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All they ask is that you don't think pink

Duo dodges the `chick- lit' designation with a book that's not about finding a good man.

July 10, 2006|Mimi Avins | Times Staff Writer

As first-time novelists, Jennifer Kaufman and Karen Mack did not have the clout to influence the cover design of their creation, "Literacy and Longing in L.A." Kaufman dreaded a pink book jacket. Mack decided if the cover's background was pink, purple or even Tiffany blue, she would let the publisher know that she and her writing partner were not happy. Not. Happy.

Because, as anyone who has trolled the hardcover-fiction section of a bookstore in the last 10 years knows, chick lit usually comes swathed in dust jackets the color of bubble gum. Kaufman and Mack didn't want their book lumped into that giddy girl ghetto, consigned to the genre of smart, funny, self-deprecating female narrators who chronicle the predictable romantic agonies and career disasters that pit the road to happily ever after.

The theme of most chick lit has been that a good man is hard to find. A good woman is hard to be is the subtext of "Literacy and Longing in L.A.," the tale of Dora, a 35-year-old Westside woman at a turning point in what might be seen as a charmed life. She's a little like a Prius -- certifiably chic and knowing, by upper-middle-class standards, but her heart's in the right place. Dora can scarf up designer duds and quote contemporary poetry with equal authority. If she's not a chick-lit heroine -- she was named, pointedly, for Eudora Welty -- she would fit right into a genre-in-the-making that occupies a zone somewhere between commercial and highbrow fiction (see "The Jane Austen Book Club: A Novel" by Karen Joy Fowler and Sara Nelson's memoir, "So Many Books, So Little Time: A Year of Passionate Reading").

So there was joy in Brentwood when the jacket art arrived, featuring a photograph of a full-lipped beauty leaning on a stack of weighty tomes. Great ghost of Jane Austen, there was no pink in sight. The writing team hadn't been so elated since they received offers from four publishers five days after submitting their manuscript to an agent.

With the exception of occasional whimpers about how tough it can be to get attention for a debut novel, the pair's joy has not abated. They were thrilled when their book landed on the Los Angeles Times bestseller list, where it has remained for four weeks, ecstatic when a favorable review in the New York Times described it as "appealingly offbeat." There was cause for more celebration when People magazine listed "Literacy and Longing in L.A." in their survey of summer books as a "page-turner" and not in the chick-lit section. Perhaps most rewarding, readers have embraced the novel, identifying with Dora and her addiction to fiction.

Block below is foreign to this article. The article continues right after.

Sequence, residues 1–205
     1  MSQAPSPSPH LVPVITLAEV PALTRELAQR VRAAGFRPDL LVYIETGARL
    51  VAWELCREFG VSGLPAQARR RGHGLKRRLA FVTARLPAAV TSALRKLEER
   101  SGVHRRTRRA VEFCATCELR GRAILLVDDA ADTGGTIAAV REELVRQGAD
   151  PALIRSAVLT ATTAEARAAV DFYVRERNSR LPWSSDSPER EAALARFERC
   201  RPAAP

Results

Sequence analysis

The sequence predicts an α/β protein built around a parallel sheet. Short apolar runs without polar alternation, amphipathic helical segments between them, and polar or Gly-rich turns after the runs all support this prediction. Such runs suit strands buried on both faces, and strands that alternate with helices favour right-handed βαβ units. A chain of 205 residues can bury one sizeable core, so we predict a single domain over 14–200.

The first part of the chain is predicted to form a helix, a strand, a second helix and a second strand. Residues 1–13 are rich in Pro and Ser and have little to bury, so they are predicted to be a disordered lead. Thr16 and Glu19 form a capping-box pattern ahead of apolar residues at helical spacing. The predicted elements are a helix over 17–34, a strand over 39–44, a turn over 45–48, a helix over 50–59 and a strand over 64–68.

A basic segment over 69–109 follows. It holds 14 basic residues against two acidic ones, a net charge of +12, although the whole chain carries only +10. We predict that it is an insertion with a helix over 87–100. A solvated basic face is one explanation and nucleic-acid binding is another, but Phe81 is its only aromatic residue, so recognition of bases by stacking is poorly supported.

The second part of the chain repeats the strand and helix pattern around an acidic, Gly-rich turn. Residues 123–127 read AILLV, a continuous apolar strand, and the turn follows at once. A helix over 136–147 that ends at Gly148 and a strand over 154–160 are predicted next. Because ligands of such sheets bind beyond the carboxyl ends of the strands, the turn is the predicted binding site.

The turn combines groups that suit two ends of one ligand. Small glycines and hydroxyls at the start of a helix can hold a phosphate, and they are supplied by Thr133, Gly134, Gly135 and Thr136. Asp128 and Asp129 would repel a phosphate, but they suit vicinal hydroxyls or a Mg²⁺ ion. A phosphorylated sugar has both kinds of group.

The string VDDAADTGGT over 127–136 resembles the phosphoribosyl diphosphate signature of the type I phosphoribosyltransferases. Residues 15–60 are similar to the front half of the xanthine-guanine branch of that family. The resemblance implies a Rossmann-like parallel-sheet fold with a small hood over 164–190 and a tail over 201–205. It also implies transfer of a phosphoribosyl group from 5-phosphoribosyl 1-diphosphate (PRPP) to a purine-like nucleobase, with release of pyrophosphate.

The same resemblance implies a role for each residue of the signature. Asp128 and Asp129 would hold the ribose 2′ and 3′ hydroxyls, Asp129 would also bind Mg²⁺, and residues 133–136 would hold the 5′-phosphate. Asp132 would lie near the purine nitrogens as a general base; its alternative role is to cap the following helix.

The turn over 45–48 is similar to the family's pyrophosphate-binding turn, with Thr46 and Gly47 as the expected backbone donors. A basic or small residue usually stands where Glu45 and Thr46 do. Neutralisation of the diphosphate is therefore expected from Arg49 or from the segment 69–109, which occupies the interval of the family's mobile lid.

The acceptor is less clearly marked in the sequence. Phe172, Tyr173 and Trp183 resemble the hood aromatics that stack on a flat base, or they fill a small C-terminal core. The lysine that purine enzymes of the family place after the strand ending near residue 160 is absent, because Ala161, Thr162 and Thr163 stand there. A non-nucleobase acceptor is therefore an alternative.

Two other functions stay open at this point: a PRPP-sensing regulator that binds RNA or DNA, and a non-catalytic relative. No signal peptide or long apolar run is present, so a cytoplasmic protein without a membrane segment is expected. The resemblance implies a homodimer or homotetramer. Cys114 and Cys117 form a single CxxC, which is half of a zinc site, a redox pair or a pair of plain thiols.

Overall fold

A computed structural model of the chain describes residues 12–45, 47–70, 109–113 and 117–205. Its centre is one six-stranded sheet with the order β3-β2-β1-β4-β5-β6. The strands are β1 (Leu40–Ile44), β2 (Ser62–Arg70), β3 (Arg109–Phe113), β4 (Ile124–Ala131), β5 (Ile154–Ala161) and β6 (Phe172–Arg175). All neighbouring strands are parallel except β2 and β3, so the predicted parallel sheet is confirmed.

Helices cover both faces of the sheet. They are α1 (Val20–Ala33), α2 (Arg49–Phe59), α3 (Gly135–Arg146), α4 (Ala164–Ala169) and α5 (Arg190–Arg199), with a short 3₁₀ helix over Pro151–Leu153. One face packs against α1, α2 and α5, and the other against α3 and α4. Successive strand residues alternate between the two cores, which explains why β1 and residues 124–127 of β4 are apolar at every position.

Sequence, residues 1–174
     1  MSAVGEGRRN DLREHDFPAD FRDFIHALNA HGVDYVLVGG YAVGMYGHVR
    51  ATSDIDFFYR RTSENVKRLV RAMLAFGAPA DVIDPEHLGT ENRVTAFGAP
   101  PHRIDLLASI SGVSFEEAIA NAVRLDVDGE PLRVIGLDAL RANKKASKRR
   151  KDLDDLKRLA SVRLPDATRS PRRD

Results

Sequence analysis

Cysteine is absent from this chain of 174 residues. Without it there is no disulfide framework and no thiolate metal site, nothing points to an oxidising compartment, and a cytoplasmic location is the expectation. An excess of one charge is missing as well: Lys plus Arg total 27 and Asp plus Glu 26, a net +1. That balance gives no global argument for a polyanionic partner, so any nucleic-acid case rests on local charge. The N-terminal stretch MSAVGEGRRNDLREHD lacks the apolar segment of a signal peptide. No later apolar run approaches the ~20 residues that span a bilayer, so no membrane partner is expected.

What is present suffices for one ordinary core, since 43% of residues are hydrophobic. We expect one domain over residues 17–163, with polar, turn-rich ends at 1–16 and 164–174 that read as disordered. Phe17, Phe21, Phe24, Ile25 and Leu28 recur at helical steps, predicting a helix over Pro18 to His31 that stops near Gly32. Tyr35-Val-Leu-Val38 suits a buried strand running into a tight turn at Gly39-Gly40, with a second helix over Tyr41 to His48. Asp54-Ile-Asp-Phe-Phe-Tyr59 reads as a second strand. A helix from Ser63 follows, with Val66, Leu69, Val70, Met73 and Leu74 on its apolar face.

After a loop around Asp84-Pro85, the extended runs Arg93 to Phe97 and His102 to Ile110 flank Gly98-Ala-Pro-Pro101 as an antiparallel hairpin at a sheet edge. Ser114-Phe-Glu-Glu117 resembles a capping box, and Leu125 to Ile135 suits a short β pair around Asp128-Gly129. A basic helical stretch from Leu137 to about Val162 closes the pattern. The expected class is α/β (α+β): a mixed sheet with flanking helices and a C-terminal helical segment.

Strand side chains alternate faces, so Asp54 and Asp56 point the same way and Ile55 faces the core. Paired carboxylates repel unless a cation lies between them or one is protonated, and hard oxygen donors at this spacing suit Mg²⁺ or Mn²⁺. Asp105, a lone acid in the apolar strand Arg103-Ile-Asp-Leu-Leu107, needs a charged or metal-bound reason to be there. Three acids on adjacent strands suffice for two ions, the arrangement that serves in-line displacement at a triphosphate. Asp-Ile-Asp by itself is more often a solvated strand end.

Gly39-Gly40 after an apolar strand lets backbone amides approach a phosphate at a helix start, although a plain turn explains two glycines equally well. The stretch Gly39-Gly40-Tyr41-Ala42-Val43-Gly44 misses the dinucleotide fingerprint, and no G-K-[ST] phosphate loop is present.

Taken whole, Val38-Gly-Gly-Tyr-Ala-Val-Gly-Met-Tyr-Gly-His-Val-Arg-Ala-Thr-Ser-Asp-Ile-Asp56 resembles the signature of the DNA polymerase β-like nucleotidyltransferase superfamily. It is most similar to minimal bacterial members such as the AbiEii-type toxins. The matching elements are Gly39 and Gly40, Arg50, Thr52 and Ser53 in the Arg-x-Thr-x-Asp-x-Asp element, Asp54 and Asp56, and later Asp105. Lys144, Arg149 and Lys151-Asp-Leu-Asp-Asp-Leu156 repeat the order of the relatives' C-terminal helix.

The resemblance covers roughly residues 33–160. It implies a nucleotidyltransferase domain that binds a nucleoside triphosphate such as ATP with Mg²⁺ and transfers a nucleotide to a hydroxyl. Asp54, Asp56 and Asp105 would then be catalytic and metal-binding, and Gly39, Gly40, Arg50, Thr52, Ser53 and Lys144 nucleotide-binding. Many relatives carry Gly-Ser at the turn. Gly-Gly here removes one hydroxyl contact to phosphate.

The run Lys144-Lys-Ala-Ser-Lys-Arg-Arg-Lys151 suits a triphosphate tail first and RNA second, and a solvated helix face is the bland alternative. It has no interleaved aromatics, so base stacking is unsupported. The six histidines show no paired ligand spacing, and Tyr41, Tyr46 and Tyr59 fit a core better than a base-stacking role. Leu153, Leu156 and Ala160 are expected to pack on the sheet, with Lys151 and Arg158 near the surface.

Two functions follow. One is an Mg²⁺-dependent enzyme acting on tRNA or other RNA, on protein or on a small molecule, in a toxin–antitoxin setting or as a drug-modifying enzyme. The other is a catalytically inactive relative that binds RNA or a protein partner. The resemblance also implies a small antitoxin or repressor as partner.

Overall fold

On a Thursday morning in late June, 25 women perched on chairs set up amid the stacks at Dutton's Beverly Hills Books. Like book groups throughout the country, they gather regularly to discuss a particular novel, but having authors like Mack and Kaufman present was a rare event. Stylish, poised and obviously acquainted with the grooming secrets that make certain L.A. women look more glamorous than their Midwestern sisters, the duo charmed their fans. They explained that although a salesman at Book Soup is convinced the character of Fred was based on him, Dora's sexually talented, emotionally limited love interest was really a composite of men they've known. It was Ian McEwan's "Atonement," they declared, that inspired many elements of Dora's story.

And while the scope of the pair's literary ambition might be surprising, most of the group at Dutton's got the reference, and they enjoyed being given such a clue. They're the sort of people who carry three novels onto a plane, the better to avoid their personal version of hell -- being caught with nothing to read if a flight is delayed. Jennifer Watling, dressed in Lily Pulitzer pinks and greens, stood and expressed what many thought while reading the novel.

"I feel like I'm Dora," she said. "When I first moved to L.A., I lived at Dutton's in Brentwood."

Although bingeing on books isn't as nakedly self-destructive as an alcoholic's bender, the more Dora uses reading to escape from life, the less life she has. "If there's one thing we hear from readers, it's that a lot of people share Dora's trait," Kaufman said. "They use books as a coping mechanism."

Back story

THE common assumption that first novels include large amounts of autobiography is somewhat insulting to a fiction writer. By working together, Kaufman and Mack avoided, or confused, that issue; they couldn't both be Dora.

Mack is a former entertainment attorney who worked for Lorimar Pictures and Republic Studios before becoming a producer of theatrical and television movies, she has been married for 25 years to Russell Goldsmith, chairman and chief executive of City National Bank, with whom she has three children. "My life is boring," she said.

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